New answers tagged

1

Any permutation of the rows and columns is treated as an "equivalent" board. Part 1: Matt chooses to go second. (Case A) If Ben takes 2 or 3 tokens, then Matt can turn it into a 2x2 board and win. (Case B) If Ben takes 1 token: $$\begin{array}{ccc} O & O & O \\ O & O & O \\ \_ & O & O \end{array}$$ then Matt can take 2 tokens to ...


11

Up to symmetries of the board, there aren't very many possible moves for the first player: Does this strategy work?


4

Let's name the lines. +---+---+ | K | +---+ L + J + | H I | + G +---+---+ | | +---+---+ F + | D E | + C + A +---+ | B | +---+---+ The winner can be found by analyzing the game regardless of the position. Now that we know the winner, who is which color? And Bob's last move would ...


2

Well maybe this kind of puzzle (Puzzles must not be from active competitions) belongs to this site, but I guess it is not "that kind" of competitive, so here is the answer: One can check it here


10

The player who can win is by this strategy:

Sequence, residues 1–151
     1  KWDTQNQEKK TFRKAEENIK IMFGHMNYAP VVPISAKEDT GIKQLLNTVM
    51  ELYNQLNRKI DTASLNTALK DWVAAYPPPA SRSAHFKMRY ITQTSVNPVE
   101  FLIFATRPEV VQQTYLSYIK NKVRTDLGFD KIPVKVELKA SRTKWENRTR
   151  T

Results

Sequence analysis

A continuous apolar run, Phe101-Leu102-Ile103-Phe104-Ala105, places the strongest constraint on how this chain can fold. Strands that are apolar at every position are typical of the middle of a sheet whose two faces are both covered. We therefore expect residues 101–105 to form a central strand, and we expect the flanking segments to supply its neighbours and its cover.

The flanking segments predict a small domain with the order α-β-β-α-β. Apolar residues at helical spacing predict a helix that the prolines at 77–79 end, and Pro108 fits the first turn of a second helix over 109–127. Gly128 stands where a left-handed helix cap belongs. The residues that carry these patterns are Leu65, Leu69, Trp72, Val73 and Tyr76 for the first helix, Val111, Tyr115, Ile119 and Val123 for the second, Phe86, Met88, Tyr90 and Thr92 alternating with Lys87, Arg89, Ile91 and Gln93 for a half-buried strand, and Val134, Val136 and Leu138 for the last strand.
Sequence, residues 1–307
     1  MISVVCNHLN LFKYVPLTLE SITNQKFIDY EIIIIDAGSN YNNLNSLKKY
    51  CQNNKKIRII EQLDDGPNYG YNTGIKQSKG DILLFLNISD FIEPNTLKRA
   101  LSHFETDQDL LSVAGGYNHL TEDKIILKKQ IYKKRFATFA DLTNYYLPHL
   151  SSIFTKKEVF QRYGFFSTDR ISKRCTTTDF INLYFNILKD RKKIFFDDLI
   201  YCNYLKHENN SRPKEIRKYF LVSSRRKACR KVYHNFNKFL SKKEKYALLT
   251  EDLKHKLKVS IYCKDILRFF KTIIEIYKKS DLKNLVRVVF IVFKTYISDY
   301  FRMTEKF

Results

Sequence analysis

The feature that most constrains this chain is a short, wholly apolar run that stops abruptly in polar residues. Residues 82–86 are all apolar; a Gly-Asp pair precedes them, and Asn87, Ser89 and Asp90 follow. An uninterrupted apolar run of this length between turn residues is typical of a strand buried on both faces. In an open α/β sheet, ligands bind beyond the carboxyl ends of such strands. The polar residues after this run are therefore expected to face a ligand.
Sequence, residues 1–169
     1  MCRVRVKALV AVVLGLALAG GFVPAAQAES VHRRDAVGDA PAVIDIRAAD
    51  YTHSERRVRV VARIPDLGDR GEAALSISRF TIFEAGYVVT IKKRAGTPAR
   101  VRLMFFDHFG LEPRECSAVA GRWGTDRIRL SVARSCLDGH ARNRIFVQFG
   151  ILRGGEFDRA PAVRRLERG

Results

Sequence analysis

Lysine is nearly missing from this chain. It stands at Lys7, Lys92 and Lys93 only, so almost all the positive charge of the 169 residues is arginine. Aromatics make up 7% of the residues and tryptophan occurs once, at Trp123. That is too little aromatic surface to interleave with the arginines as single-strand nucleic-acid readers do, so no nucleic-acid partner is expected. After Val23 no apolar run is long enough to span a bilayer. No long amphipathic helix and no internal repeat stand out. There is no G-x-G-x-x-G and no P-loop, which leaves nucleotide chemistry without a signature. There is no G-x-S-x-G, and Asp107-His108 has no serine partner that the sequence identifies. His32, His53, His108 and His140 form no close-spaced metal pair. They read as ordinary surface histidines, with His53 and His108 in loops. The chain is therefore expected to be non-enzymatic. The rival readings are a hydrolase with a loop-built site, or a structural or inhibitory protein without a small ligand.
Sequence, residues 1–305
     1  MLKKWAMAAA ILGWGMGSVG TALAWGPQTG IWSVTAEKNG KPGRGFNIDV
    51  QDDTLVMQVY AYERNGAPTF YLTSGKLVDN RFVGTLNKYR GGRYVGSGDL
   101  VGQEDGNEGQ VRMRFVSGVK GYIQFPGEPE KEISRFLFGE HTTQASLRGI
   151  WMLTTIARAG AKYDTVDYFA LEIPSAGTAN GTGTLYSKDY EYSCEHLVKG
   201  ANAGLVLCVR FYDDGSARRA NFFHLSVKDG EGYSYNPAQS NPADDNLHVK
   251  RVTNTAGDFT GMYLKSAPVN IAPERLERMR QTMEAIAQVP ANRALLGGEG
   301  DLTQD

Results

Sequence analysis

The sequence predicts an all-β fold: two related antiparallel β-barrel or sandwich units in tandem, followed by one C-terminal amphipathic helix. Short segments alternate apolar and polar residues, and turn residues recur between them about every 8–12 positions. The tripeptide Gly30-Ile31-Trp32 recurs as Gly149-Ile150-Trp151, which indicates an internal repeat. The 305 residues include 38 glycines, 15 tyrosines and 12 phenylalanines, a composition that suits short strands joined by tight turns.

9

First player wins Example:


1

Second player wins. After that, Then, On first player's second turn, In the end, Alternately,


14

I would suggest an alternate (simpler) strategy:


0

My solution... Images: Enclose 3 boxes: Enclose 2 boxes:


5

The player with the winning strategy is Strategy


3

My solution: Proof: 1) The optimal strategy is to... 2) If both are playing optimal... 3) Bonus:


2

There is no strategy that is guaranteed to ever win, thanks to the BOOM rule. If Alice picks $N = a^{124}\times b$, with $a$ and $b$ distinct primes, then $N$ has 250 factors. Bob's challenge is to determine $a$ and $b$. The problem is that if he determines the order of the factors before determing both $a$ and $b$, then the BOOM rule can prevent him from ...


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6

I think that the solution is Strategy Reasoning Why I chose these numbers


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